INMC 80 News


May–September 1981, Issue 4

Page 46 of 71

Shortly after putting our newly aquired Nascom 1 out in the shop, there was ‘this ‘ere fella’ who used to wander in, dressed in motor cycle leathers, and spend a lot of time making the Nascom do things that I had never dreamed possible. And so I got to know Howard (he used to be on the committee, but resigned about a year ago). Soon Howard came a regular visitor to the shop, and could be found on a Saturday explaining the niceties of Z80 machine code programming to customers with far more informed authority than I. What’s more, he was so dedicated to Nascoms that we didn’t even have to pay him. It was Howard who first put me on the right lines as far as programming goes. Up ’til then, it had been a case of “figure it out for yourself’. Who taught Howard I do not know (perhaps I’ll ask him before this article is put to bed), but it was under Howard’s guidance that some of the mysteries of machine code programming were revealed.

So far I don’t think I have drawn any distinction between machine code programming and assembler programming. To me they are one and the same. Purists will argue that machine code is the result of assembler programming. The machine code itself being the sequence of HEX codes that is generated by the act of assembler programming. That sounds like the same thing to me, so there we are. At the time, I would scribble the machine codes directly on to a piece of paper (Woolies Jumbo A4 work pad for 44p, incredible value) and then type them in to the Nascom. Howard pointed out that this was bad practice on two counts. Firstly, it was difficult to remember what more than about half a dozen codes meant, and secondly, if I practised hard I would learn the syntax of the assembler mnenonics and by so doing increase my vocabulary of instructions because I would be thinking of the descriptive action of the instruction I wanted instead of fumbling to remember the code for the few instructions I knew. After a while it became second nature to write a mnemonic for the instruction I wanted, and then look up in the book. Low and behold, there it was. Sometimes I would take this approach too far. Occasionally I would write assembler mnemonics for instructions that don’t even exist. But in the main, it works. Think of a way round the problem, write mnemonics to decribe the action to be taken, then translate the mnemonics into machine codes.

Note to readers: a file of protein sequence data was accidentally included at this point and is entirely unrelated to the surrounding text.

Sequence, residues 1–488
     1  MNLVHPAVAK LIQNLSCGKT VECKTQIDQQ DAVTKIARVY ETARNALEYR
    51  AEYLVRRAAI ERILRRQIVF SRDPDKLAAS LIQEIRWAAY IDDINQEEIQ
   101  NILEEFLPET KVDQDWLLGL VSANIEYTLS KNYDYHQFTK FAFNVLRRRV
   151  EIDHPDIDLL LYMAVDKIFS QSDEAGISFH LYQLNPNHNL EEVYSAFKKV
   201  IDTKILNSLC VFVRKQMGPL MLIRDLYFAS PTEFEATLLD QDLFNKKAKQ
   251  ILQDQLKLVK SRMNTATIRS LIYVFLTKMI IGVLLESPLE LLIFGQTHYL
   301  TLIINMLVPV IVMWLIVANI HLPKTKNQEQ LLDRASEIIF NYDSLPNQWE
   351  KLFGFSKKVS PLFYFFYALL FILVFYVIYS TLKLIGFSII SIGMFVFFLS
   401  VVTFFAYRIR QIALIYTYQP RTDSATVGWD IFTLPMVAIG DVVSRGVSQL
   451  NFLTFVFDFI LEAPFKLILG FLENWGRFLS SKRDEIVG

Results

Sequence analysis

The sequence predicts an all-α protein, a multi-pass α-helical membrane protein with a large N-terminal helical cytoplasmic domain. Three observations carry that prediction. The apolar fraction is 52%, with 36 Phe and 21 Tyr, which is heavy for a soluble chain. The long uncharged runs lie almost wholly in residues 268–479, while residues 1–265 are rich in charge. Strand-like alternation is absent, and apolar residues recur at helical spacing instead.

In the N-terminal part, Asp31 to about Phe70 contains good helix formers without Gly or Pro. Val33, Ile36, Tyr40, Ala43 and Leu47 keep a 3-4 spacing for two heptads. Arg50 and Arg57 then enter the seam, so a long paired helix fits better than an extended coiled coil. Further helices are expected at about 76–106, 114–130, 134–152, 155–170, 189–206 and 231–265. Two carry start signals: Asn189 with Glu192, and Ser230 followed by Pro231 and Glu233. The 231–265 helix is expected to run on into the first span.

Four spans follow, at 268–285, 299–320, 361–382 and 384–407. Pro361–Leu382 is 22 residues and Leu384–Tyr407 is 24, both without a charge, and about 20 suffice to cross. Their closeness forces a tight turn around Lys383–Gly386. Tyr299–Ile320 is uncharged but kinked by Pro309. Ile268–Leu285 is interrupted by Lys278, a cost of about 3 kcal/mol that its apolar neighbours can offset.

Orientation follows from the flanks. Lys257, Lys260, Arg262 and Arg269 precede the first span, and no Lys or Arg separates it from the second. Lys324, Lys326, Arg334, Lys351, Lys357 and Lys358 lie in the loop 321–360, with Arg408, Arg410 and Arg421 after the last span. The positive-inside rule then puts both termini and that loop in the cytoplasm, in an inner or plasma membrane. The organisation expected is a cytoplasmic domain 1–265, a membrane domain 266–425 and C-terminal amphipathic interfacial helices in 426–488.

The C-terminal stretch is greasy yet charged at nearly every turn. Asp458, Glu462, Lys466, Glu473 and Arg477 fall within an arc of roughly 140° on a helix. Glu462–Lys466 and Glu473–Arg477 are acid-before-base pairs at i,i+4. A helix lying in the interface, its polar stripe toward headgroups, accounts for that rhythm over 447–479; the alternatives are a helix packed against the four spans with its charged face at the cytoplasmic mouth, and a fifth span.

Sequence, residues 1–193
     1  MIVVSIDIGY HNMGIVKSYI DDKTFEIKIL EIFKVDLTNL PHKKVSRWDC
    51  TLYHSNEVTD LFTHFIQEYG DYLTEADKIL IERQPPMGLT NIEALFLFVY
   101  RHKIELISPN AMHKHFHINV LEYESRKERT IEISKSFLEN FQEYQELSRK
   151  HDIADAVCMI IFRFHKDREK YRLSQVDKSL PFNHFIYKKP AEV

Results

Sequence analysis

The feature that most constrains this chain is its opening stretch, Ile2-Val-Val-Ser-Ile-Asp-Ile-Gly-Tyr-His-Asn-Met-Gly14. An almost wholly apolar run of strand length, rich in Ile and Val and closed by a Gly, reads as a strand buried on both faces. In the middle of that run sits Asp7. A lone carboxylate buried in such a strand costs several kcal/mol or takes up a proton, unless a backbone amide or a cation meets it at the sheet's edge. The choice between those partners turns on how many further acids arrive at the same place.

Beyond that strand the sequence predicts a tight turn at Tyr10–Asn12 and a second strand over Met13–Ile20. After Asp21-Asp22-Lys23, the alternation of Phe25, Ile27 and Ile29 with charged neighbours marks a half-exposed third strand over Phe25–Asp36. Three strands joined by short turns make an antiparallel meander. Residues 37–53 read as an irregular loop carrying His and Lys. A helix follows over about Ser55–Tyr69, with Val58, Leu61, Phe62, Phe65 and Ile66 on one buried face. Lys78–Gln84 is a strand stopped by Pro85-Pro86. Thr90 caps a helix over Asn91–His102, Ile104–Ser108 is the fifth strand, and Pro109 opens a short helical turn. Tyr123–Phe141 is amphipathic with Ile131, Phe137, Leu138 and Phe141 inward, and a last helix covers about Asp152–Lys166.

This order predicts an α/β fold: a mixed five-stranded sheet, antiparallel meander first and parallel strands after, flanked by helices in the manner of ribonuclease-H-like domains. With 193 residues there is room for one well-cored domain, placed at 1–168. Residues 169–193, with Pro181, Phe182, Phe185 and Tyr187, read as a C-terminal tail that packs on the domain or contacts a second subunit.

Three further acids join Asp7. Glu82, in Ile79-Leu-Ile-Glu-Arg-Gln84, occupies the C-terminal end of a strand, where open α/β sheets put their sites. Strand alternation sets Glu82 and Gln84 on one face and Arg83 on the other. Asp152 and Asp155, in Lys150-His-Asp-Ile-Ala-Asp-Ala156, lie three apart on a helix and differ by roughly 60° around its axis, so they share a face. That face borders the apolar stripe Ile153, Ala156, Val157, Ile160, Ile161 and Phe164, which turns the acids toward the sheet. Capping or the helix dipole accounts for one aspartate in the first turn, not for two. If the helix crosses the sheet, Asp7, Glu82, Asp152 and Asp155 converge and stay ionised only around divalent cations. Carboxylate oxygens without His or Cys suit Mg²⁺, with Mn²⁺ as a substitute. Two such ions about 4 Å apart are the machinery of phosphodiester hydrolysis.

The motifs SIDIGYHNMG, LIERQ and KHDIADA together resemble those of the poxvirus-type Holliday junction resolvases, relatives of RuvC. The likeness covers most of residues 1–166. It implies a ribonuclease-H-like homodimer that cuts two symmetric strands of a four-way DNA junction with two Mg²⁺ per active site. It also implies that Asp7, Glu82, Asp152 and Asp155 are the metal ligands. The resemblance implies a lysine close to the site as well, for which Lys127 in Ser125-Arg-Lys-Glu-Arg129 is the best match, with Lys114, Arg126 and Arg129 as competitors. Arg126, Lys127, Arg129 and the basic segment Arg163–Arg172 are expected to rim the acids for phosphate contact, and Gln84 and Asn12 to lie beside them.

I have already mentioned that there comes a time when the light begins to dawn. I think I was past that stage, for as I remember, I felt confident enough to start writing ‘HANGMAN’. Now that is an important part of learning to program. Simple games are the very best thing to cut the teeth on, as the rules for the game are already laid out, and you don’t have to draw up the specification of what it is you are about to try to achieve. Games like ‘HANGMAN’ have very simple rules, and these in turn are very simply broken down into their component parts. So deciding what each individual part of a program is going to do is relatively simple. Be that as it may, it was Howard who introduced me to such things as labels, flags and text strings.

So let’s re-examine the asterisks program from part 3. First of all lets lay down the ground rules of what is to happen. In other words, let’s draw up the specification.

1) Put an asterisk on the middle of the screen
2) Hang about a bit
3) Replace the asterisk with a blank space
4) Hang about a bit
5) Go back to (1)

We don’t need to draw a flow chart of that, it’s too simple. A flow chart in fact would probably confuse the issue. Now let’s take it stage by stage and write the mnemonics for it.

LD A,2AH        ; Load A with the code for an asterisk
LD (09E2H),A    ; Put the contents of A at memory location 09E2H, which just
                ; happens to be on the screen (see last part to see how that
                ; was decided.)

Now notice that I’ve use a semicolon to separate the mnemonic instructions from the comments. In other words, the program is already being written in two fields, the instruction (or mnemonic) field and the comment field. Separating them like this makes for easy reading and understandability.

This is an OCR’d version of the scanned page and likely contains recognition errors.

Page 46 of 71